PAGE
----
Based on the well-known novel by Susan Hill, The Woman in Black finds its niche in telling the story from the viewpoint of an actor.
In an impressive feat, the entire cast consists of only two actors, with the majority of the supporting characters played by Robert Goodale. Goodale does a notable job at distinguishing between the different characters; changing his outfits and body language, although their voices are too similar at times. This creates focus on the The Actor, played by Daniel Easton, whose story-telling creates a tense atmosphere. The clever casting narrows the focus of the play, and removes the distraction of introducing too many characters.
The use of lighting to set the mood, and distinguish between the present day and past events, is masterful. The orange glow of the homely interior scenes feels warm and safe, but the suspense grows as the lights darken to an ominous red. The use of shadows is clearly calculated, allowing the Woman in Black to move freely about the stage – but even when she isn’t there, her silhouette can still be seen. In the shadows of the coat rack, in the shadows of the actors, in the dark corners. The play really utilises, almost weaponises, the audience’s imagination.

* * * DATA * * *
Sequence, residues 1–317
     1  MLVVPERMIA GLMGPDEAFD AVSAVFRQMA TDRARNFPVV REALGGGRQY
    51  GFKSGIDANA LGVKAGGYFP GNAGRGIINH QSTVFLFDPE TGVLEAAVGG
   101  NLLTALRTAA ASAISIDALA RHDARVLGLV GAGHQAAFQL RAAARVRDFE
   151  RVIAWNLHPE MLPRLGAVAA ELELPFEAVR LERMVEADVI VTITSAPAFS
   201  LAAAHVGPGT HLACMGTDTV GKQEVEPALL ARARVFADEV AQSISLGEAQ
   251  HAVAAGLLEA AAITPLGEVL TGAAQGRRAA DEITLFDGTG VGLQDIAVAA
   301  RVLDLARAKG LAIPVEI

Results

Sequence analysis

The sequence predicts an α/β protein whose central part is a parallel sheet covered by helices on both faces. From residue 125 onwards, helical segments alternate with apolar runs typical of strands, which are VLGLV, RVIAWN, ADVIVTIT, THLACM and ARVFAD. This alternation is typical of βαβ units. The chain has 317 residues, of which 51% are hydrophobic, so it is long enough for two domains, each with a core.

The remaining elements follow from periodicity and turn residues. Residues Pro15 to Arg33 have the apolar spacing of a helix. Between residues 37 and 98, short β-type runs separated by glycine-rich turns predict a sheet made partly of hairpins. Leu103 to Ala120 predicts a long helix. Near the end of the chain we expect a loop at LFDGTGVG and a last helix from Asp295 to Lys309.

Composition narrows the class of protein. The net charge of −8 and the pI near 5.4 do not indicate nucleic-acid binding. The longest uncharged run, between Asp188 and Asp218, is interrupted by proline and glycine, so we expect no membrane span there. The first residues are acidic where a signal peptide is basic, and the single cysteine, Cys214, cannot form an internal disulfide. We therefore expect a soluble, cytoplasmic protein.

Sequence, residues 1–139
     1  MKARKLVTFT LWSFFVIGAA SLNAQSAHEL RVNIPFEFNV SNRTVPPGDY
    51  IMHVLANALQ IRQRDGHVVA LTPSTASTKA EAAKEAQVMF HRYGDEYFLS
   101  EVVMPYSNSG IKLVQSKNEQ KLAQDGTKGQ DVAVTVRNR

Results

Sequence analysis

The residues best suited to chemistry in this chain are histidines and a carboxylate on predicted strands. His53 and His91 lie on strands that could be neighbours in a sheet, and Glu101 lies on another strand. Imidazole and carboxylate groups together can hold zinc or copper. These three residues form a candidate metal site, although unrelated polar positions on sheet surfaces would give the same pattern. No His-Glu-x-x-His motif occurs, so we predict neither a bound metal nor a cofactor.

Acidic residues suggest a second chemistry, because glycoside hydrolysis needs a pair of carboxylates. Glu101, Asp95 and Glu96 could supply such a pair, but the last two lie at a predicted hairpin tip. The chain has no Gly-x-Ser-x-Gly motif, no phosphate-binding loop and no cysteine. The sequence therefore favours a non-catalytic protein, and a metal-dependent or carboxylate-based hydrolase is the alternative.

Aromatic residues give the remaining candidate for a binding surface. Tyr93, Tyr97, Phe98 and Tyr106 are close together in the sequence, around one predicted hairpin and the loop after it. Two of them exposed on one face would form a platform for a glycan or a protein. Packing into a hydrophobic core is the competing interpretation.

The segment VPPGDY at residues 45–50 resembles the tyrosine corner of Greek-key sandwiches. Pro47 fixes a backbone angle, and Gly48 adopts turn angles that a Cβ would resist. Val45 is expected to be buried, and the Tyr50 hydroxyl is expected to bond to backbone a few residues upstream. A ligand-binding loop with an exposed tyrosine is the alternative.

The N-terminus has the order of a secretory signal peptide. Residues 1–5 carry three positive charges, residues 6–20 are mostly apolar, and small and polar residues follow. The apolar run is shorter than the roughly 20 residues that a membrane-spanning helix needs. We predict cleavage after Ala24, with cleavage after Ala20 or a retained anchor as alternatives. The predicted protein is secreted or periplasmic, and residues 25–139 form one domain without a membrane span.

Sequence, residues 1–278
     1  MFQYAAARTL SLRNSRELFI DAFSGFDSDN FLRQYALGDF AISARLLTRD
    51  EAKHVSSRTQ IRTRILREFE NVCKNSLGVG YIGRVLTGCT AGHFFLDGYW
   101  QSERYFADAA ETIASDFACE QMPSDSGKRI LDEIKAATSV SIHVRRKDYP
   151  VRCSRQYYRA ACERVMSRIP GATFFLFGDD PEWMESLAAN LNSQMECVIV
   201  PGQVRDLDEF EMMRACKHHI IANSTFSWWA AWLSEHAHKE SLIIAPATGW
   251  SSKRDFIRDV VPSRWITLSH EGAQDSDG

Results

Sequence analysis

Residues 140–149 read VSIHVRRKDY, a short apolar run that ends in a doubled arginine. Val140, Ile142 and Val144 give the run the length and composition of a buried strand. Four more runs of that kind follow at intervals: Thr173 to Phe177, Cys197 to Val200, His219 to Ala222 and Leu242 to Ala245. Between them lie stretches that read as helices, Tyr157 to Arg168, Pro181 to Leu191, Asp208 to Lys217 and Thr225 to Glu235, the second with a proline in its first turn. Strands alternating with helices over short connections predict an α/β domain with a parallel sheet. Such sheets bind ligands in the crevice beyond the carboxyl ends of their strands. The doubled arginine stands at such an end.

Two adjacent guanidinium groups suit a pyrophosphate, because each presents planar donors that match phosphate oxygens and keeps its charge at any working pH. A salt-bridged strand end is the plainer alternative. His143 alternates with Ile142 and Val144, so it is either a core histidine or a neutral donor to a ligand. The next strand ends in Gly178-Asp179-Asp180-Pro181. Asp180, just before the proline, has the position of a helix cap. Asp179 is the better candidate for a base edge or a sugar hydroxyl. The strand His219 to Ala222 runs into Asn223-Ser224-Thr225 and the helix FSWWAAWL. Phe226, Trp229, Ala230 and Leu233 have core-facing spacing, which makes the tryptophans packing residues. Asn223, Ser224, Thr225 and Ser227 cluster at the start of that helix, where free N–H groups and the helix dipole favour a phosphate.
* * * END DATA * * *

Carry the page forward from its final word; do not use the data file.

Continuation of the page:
The cast were not afraid to ask the audience to use their imagination, so that they could reach beyond the limitations of the stage. And with so few props, it is impressive how creatively they are recycled. A box becomes a desk, a bed, a train carriage, a horse and cart.
Sadly, the play cuts the tension far too early. The Woman in Black is sighted a few times, mysteriously shrouded in shadows and seemingly harmless. But mere minutes later she is fully revealed, and the suspense is ruined. Had the play continued flirting with glimpses of the Woman in Black, rather than revealing her entirety so soon, it would be a lot scarier.
This is a truly thrilling adaptation, and it kept me looking back over my shoulder as I walked home alone. The ending brought the story into the real world, an even more chilling finale than the book as it feels so much more real. The more creative your imagination, the scarier it will be.
Featured Image: Sheffield Theatres.